An issue when uninstalling the program is it doesn’t always uninstall the Pluralinput mouse or keyboard driver. You will need to go to Device Manager and manually uninstall the driver by also selecting the option to “Delete the driver software for this device”. Then scan for hardware changes or reconnect the devices. For more information how to do this, refer to the support article on the Pluralinput website.
Virtual Machine Software
These last two options are different from the others because they don’t control two mice on the same desktop. They allow two users to have two separate desktops and a separate mouse (and keyboard) to control each, but from a single computer.
When it’s set up, the second mouse and keyboard will operate only within the confines of the virtual machine. That makes it useful to open the virtual machine full screen on a second monitor and it will act as a separate PC with its own mouse and keyboard. Here’s how it’s done with the most popular free virtual machine software VirtualBox and VMWare WorkStation Player.
Capturing a mouse to be used exclusively in VirtualBox is very easy and just a couple of clicks. Start the virtual machine, open the Devices menu, highlight USB and click on the mouse (or keyboard) to be captured. Alternatively, right click the USB icon at the bottom of the window and select the input device.
If your virtual machine has VirtualBox Guest Additions installed, go to the Input menu first and disable Mouse Integration. We’re not sure if it’s a bug or by design but we didn’t get a mouse pointer during testing if we connected a mouse while leaving mouse integration on.
It’s also possible to have a mouse connect to the VirtualBox virtual machine every time it starts. Click Devices > USB > “USB Settings…”, click the icon with a plus sign on the right and select the mouse (or keyboard).
Next time the virtual machine is started, the mouse will automatically connect to the guest operating system. Because of the issue mention above, you still have to disable mouse integration manually each time or there won’t be a pointer in the virtual machine. You could uninstall Guest Additions but that obviously takes away advantages like shared folders/clipboard, better video, and etc.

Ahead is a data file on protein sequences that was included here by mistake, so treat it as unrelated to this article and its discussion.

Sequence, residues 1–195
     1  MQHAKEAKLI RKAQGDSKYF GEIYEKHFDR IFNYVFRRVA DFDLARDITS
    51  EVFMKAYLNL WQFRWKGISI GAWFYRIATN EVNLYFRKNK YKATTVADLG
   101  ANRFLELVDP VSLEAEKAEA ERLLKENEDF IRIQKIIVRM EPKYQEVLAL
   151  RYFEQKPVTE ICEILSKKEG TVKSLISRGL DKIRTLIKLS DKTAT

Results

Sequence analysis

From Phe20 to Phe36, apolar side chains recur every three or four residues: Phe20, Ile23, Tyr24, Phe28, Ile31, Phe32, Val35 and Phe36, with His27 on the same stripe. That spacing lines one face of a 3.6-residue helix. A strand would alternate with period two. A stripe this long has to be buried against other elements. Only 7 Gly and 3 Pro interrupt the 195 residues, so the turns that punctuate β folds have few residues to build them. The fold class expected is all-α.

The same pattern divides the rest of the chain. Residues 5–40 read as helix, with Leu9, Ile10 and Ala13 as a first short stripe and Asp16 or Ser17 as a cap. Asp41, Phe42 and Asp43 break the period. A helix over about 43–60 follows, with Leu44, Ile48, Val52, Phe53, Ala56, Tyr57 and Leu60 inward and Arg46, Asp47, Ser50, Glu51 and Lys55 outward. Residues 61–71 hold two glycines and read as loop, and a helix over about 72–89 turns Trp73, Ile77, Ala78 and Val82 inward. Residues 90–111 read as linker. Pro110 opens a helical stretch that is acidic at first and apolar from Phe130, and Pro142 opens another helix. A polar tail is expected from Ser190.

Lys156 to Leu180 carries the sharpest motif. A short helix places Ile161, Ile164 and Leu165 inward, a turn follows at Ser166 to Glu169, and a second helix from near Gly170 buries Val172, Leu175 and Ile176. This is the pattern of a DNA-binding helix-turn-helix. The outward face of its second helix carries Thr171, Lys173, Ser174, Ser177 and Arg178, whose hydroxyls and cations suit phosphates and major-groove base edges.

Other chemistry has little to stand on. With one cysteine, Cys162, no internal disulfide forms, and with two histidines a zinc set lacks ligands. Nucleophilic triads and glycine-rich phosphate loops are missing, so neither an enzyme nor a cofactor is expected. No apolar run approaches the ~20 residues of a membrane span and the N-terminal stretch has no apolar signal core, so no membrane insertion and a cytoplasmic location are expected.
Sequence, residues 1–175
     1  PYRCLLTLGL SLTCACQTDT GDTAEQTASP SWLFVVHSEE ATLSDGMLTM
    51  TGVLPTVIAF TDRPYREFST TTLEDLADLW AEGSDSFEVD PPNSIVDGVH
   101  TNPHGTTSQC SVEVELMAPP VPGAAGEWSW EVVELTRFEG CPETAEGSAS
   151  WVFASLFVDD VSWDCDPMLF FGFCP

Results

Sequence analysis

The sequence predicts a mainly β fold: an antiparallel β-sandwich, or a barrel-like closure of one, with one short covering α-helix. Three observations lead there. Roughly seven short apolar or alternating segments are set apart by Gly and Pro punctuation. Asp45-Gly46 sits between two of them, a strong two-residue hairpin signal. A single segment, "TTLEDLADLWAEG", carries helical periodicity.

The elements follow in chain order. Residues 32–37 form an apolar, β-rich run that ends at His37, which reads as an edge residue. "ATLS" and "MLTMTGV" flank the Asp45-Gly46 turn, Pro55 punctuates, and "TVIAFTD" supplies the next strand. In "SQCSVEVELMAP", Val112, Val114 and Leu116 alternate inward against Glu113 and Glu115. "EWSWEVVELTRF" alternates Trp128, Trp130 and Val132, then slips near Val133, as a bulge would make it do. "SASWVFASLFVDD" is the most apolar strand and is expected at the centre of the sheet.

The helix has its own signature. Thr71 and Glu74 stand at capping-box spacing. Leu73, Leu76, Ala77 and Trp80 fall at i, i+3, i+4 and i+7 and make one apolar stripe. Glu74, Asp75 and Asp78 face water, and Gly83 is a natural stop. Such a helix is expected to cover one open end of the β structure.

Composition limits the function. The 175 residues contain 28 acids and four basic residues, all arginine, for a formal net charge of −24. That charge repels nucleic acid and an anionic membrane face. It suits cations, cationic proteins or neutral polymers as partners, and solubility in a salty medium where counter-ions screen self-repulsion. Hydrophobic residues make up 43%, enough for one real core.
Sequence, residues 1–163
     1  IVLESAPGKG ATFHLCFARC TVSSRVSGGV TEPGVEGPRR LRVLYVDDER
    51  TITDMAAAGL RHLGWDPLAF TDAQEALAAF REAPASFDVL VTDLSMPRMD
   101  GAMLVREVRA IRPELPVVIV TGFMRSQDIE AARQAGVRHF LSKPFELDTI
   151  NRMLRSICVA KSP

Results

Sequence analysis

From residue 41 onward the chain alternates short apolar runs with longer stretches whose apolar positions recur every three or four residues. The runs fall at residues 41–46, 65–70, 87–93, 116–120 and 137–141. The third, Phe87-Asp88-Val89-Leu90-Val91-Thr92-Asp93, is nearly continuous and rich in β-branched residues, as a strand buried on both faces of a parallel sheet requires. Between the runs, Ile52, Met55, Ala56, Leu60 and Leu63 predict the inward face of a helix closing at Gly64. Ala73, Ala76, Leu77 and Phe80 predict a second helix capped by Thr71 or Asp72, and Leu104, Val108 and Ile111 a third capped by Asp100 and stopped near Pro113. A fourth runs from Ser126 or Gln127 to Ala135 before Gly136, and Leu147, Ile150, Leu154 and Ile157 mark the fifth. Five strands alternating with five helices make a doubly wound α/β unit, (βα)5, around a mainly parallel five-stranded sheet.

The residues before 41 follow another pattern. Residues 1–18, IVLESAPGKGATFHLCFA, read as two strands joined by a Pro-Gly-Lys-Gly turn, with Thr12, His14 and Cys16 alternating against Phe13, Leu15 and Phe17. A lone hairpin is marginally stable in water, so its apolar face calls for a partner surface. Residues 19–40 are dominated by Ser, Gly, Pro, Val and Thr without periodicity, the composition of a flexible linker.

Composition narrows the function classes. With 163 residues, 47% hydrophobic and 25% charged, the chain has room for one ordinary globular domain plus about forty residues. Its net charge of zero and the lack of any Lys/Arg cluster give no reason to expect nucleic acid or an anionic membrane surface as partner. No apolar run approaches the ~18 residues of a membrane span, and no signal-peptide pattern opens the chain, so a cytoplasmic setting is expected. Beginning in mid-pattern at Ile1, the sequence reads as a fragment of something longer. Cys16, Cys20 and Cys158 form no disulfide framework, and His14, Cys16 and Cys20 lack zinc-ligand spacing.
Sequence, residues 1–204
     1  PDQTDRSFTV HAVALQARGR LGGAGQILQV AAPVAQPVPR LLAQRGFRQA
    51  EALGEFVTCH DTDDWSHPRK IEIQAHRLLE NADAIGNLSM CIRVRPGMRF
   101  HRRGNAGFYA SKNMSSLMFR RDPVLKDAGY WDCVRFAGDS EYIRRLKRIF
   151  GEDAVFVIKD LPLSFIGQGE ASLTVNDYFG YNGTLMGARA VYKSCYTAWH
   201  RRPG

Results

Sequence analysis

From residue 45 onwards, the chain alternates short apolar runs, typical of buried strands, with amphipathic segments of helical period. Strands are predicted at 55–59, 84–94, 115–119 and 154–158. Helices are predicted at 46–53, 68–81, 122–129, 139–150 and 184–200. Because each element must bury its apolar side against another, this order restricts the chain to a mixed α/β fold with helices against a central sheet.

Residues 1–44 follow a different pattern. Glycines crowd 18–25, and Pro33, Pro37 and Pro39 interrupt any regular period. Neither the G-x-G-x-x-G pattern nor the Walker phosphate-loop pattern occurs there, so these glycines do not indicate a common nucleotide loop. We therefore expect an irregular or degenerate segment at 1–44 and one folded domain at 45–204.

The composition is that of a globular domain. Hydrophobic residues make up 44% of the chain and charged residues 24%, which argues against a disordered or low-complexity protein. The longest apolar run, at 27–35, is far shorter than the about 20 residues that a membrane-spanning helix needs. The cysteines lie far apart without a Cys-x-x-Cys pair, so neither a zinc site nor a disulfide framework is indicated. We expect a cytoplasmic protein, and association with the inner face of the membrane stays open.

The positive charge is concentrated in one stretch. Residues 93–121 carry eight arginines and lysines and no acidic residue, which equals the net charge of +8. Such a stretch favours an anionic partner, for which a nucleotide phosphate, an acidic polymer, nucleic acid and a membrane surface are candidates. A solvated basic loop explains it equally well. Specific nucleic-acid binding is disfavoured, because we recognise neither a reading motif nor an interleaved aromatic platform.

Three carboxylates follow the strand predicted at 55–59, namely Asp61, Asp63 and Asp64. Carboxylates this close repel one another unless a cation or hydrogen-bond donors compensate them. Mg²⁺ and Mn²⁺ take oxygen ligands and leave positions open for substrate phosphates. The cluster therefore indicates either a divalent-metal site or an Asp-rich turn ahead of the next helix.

7. VMWare WorkStation Player
Before starting the virtual machine in VMWare WorkStation Player, an option has to be changed to show input devices as it’s not enabled by default.
Open the settings window of the virtual machine you want to use and go to the “USB Controller” device. Check the box “Show all USB input devices” and click OK. This option is greyed out if the virtual machine is not powered off.
Start the virtual machine with the second mouse (and keyboard) plugged in, open the Player menu > Removable Devices > Mouse name > “Connect (Disconnect from host)”. Alternatively, click “Show devices” near the top right, find the mouse by hovering over the icons, right click on it and select “Connect (Disconnect from host)”. Bluetooth is also an option if you have a Bluetooth keyboard.
This option works well with dual input devices like the Logitech K400 Wireless Touch Keyboard as the keyboard and touchpad will both connect to the guest operating system by enabling just one device (Logitech USB Receiver). The Connect option will change to Disconnect if you want to do the reverse.
As far as we can tell, VMWare Player doesn’t allow you to permanently assign a second mouse to the virtual machine. You will have to attach it manually each time the virtual OS boots up.